We are the sum of our experiences and the people we share them with. I wouldn’t be me if I hadn’t had that time with Derrick. I owe him. For all the time at The Post. For all the pitchers of Lowenbrau Dark at The Union. In the pink house. Above Campus Sundry. All over Court Street. For Ren and Stimpy:
And for that goddamned awful song he insisted we play at every single staff party so we could pogo around someone’s living room (and if anyone remembers what song that was, let me know?).
This is the Derrick I knew. This is the Derrick I’ll remember when we attend his memorial service in Mentor-On-The-Lake this afternoon.
I had a good run with the Grateful Dead. But by 1994, my expectations were diminished.
I started seeing the band in the mid-1980s, during a pocket of high energy, powerful tours that peaked, for me, at Riverbend in 1985 (otherwise known as the show when I “got it” for the first time). Garcia’s diabetic coma slowed things down for a couple years, but when he was back, he was back, driving the band through its last consistently great period.
In the midst of all of this was a run by the band at the old Richfield Coliseum south of Cleveland. It must have made sense geographically; Richfield was an easy-ish trip for Deadheads from the Midwest and East alike, and I know the Coliseum was bigger — and, with a solid roof instead of a retractable one, better able to handle the weight of the band’s PA and light rig — than Pittsburgh’s Civic Arena. The result? An easy trip to suburban Cleveland from Columbus or Athens, over and over and over.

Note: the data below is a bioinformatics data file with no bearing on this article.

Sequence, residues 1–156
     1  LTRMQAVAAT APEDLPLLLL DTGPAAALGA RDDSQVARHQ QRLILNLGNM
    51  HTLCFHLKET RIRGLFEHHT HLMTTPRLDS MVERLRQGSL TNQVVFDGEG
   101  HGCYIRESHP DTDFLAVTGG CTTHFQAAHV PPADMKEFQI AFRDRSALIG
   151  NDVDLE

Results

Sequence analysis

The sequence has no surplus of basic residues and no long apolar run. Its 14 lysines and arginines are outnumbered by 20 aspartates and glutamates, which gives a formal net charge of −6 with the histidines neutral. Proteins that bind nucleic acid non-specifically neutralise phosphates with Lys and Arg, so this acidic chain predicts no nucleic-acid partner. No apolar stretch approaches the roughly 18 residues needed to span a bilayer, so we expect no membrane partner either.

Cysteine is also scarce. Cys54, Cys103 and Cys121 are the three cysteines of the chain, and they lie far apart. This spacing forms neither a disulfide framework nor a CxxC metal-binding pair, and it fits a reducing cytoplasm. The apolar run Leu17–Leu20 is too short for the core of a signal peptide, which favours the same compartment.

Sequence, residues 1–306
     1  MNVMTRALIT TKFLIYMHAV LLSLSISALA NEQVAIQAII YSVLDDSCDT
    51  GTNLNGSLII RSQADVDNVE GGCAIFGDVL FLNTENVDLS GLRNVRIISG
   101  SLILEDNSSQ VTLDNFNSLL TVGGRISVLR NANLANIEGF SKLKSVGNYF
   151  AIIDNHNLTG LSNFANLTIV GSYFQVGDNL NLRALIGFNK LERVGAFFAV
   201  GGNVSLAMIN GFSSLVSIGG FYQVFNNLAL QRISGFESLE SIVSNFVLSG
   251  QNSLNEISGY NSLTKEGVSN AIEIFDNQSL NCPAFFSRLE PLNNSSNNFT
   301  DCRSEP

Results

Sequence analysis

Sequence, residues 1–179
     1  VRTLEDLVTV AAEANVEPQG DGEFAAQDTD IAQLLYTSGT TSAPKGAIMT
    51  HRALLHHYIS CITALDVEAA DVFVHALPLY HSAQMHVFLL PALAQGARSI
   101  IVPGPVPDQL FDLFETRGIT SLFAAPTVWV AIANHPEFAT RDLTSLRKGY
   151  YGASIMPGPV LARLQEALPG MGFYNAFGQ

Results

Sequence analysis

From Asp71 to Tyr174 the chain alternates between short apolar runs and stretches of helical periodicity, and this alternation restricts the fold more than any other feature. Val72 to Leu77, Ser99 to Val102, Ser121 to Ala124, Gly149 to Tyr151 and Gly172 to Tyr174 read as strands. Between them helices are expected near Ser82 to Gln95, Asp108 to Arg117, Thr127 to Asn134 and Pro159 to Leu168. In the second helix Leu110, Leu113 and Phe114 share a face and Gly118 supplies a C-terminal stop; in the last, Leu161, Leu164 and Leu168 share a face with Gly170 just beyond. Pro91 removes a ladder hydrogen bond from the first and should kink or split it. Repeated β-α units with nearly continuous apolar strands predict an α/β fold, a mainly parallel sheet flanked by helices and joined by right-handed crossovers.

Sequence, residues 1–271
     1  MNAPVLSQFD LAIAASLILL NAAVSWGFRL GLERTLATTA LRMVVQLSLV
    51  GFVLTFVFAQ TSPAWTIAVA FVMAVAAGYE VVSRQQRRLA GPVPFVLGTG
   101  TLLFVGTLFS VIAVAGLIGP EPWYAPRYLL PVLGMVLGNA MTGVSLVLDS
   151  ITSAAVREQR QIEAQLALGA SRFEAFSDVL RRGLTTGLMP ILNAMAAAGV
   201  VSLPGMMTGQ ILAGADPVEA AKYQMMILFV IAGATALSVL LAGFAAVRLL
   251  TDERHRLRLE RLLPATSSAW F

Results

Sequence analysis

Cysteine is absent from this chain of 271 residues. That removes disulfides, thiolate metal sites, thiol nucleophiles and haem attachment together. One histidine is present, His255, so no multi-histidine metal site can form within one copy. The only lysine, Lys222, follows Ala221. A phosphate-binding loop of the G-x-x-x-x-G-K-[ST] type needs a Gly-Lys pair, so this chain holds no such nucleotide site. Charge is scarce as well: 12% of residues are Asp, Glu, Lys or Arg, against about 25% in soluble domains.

The short run at Richfield in March 1994 was what had become a regular spring break for me: while most of my friends headed to a beach somewhere, I set up in slushy parking lots in Detroit or Cleveland.
I was excited to see the band, but I was also aware that things had taken a downturn. The end of Bruce Hornsby’s extended residency took a little wind from the sails, and the old guys never seemed completely comfortable with Vince Welnick alone in the keyboard seat. And while we weren’t privy to the details of his heroin addiction, Garcia’s up-and-down health seemed to be on the way down again.
So — I would have settled for good on March 20 and 21, 1994.
On March 20, that’s pretty much what we got — good. A solid set list, well played, but no fireworks. We left happy with with the show and feeling mildly optimistic about what we might see the following night.
On Monday, March 21, something else was going on. The tip-off for me was Bertha, the second song of the first set … the band was tight and energetic, and Jerry was fully engaged, nailing lyrics, solos and the kinds of flourishes that he reserved for nights when he was feeling really good. That energy continued through what looks to be a standard-ish first set, on paper, anyway. From the stands inside Richfield, though, we knew different.